EXPERT REACTION: Severe childhood infections may increase eating disorder risk in teen girls
Journal/conference: JAMA Psychiatry
Organisation/s: George Mason University, USA
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We all have experienced that when we are sick we lose our appetite. But how being sick affects eating habits long-term has only recently been discussed. There has been recent talk on how infections trigger autoimmune responses and affect our eating behaviour.
This study is the latest in a series of cohort trials designed to evaluate the association of hospitalisation for infection and the treatment of anti-infective agents with the risk of an eating disorder diagnosis. The authors looked at all the girls born in Denmark from 1989 to 2006. They observed that an infection in childhood requiring hospitalisation and three or more courses of anti-infectives is associated with an increased risk of eating disorders, including anorexia and bulimia.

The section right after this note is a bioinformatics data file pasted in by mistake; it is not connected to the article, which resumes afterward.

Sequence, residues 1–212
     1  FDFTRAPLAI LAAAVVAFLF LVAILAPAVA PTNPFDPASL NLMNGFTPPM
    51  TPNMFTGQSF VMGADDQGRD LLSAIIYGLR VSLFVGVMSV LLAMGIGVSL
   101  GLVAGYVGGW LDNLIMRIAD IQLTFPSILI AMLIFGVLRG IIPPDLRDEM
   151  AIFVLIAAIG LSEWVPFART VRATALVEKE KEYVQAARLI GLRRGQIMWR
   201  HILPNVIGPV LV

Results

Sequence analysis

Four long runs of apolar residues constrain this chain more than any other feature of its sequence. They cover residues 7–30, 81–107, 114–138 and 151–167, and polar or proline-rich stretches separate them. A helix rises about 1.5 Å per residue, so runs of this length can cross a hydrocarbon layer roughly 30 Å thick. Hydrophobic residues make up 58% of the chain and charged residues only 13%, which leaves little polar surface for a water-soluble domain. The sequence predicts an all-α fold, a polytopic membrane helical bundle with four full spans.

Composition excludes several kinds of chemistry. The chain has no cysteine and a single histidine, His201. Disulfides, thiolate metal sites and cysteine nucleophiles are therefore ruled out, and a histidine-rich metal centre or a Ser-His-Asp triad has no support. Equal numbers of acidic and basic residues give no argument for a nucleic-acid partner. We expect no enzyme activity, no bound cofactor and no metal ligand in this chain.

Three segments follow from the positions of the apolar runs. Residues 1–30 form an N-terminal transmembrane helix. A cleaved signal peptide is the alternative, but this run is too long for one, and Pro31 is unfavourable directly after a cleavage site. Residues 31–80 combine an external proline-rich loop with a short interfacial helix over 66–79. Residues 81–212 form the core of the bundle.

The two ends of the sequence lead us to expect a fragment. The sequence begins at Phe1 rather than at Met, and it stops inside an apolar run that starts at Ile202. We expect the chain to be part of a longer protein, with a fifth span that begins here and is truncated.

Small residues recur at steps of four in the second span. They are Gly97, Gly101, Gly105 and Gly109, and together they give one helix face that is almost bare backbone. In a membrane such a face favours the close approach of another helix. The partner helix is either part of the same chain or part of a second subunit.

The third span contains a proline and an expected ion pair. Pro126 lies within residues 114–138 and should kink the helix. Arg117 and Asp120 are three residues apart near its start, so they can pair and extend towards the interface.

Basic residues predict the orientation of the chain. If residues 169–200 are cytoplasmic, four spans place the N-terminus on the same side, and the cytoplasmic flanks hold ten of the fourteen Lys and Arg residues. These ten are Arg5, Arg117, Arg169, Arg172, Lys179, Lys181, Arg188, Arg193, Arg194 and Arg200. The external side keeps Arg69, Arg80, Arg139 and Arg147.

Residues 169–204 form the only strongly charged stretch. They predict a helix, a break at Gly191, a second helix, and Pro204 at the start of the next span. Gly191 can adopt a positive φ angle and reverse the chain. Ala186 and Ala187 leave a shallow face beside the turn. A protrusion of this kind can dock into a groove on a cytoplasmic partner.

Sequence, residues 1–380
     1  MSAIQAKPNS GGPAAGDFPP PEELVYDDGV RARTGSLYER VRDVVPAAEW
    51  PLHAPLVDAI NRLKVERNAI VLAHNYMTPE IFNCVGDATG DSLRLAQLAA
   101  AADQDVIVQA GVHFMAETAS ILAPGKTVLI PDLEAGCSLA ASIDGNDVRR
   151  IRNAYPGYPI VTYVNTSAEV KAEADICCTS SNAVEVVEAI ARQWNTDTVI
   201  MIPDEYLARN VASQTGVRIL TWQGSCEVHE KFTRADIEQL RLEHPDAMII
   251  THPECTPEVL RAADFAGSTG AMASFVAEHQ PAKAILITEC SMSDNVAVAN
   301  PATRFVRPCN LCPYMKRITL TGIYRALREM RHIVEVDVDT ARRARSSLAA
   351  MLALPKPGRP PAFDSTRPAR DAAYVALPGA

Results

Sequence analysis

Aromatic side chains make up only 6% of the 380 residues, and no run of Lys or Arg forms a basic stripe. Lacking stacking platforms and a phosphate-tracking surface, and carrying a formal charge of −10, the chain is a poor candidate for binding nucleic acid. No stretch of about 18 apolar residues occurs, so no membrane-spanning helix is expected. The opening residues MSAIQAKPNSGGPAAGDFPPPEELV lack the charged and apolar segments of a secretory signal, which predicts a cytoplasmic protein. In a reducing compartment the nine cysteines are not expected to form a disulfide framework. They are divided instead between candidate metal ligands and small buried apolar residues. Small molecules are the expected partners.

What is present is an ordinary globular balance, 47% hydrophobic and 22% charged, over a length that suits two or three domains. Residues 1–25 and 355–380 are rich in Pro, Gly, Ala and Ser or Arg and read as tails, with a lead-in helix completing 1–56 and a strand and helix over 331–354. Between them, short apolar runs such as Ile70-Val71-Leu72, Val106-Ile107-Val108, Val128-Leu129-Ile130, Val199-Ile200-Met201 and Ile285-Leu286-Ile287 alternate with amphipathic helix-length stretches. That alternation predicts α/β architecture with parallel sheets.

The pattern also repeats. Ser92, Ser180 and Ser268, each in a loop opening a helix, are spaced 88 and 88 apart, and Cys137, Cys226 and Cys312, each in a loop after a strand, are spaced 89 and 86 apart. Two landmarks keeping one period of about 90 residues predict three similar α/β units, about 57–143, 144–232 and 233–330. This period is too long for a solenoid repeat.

What we can take home from this study: 1) There is a complex interplay between the immune system and eating behaviours. 2) Infections and inflammation can trigger behaviour changes which 3) in vulnerable individuals can affect eating behaviour long-term.
What we still do not know: Are infections the cause of the development of eating disorders? More studies need to be conducted to establish explicit links between infections and eating disorders. This could be helpful in diagnosing and treating eating disorders.
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